In our last post, we explored some of the limitations of traditional clinical trial designs, especially when applied to precision medicine. In recent years, a new contestant has stepped into the fray: the N-of-1 trial.
Most clinical trials go like this: you take a group of people with some condition, say lower back pain, and you randomly assign each of those people to one of two (or more) treatment groups. For the purposes of illustration, let’s say there are three: group 1 receives a new experimental painkiller; group 2 receives an older, more established painkiller; group 3 receives placebo. No one – not the researcher, not the patients – knows who is in which group until the end of the study.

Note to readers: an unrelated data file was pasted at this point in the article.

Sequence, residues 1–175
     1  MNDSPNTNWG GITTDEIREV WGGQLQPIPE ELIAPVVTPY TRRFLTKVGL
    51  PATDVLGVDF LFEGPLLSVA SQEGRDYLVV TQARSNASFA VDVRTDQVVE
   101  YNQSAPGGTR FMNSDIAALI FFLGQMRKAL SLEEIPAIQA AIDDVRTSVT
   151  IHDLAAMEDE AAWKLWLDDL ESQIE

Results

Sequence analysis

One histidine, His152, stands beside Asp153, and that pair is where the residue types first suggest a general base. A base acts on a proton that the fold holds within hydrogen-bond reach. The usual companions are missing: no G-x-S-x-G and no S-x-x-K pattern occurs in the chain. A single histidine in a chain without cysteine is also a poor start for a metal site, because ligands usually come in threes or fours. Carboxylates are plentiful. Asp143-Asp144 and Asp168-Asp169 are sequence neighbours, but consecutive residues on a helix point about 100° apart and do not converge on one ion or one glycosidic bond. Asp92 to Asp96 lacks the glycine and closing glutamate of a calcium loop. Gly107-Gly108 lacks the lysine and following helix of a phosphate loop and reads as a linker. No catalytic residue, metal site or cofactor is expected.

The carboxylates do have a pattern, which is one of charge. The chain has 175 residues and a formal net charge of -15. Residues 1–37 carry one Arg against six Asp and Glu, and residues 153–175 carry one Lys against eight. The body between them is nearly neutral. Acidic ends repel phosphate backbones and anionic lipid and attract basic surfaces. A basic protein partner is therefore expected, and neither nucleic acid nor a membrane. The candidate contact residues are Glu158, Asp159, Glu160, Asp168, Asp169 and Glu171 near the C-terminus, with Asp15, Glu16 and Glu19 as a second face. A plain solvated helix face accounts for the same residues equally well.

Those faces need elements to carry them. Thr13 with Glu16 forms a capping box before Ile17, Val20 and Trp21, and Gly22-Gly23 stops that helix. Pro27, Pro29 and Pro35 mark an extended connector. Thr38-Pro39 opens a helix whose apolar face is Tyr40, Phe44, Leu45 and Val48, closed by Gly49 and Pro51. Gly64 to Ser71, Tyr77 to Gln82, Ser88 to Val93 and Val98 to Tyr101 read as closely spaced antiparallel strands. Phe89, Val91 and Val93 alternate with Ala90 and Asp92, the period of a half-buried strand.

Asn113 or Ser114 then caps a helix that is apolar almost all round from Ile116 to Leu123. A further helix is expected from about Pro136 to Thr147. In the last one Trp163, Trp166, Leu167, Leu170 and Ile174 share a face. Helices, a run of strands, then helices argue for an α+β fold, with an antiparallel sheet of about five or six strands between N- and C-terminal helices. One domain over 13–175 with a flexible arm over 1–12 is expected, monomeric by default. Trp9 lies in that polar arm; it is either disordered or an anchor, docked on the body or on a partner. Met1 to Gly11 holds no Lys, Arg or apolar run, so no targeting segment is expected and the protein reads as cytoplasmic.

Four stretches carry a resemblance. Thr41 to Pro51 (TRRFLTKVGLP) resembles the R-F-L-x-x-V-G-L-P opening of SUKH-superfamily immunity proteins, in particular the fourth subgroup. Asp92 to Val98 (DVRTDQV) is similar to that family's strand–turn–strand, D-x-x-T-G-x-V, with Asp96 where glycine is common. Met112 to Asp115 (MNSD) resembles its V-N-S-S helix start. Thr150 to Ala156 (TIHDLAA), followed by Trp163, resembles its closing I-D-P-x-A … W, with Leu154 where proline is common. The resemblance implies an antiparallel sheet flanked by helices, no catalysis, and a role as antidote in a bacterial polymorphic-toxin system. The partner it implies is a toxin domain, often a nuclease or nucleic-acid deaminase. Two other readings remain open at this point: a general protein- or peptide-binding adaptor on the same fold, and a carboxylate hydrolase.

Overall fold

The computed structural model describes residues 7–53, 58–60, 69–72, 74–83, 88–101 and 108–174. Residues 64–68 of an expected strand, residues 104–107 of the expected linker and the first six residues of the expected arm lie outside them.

Technology development requires experimentation and the ability to learn from failure. Unfortunately, this approach doesn’t translate naturally into healthcare, where costs are high and lives are on the line. Even in Silicon Valley, an environment of barely-controlled chaos where new companies and technologies emerge daily, the terrain between health technology development and clinical practice remains difficult to navigate.
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